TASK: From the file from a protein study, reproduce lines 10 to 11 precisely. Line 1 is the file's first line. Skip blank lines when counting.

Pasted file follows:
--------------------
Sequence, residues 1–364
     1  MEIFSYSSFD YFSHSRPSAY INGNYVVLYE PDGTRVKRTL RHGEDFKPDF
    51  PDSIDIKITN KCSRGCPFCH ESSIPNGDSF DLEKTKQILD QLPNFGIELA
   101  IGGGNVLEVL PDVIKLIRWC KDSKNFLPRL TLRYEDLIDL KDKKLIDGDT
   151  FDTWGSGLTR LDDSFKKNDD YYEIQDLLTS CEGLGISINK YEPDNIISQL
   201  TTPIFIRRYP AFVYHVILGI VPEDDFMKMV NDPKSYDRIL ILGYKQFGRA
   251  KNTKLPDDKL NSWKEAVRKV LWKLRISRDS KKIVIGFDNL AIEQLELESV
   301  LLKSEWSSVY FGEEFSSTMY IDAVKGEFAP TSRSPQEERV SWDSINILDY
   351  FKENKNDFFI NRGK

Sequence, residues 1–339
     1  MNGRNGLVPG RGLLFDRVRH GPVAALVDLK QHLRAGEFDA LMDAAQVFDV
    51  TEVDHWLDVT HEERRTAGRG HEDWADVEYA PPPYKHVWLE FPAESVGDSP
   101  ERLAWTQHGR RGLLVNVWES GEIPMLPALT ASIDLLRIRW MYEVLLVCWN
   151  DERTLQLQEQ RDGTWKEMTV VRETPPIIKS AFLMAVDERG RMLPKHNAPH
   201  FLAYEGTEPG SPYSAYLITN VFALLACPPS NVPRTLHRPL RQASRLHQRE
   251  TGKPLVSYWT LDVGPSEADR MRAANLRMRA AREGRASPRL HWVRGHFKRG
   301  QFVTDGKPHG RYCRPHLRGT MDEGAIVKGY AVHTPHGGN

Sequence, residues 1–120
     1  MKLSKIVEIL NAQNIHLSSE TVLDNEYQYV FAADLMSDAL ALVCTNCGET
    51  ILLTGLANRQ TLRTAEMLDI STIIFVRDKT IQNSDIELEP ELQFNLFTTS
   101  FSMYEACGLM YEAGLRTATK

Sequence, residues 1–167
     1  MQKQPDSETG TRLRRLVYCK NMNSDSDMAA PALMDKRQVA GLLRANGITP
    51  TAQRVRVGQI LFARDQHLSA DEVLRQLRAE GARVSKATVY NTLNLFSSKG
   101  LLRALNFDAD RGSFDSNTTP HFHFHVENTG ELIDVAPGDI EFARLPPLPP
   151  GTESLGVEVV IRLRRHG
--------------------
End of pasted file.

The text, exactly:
Sequence, residues 1–339
     1  MNGRNGLVPG RGLLFDRVRH GPVAALVDLK QHLRAGEFDA LMDAAQVFDV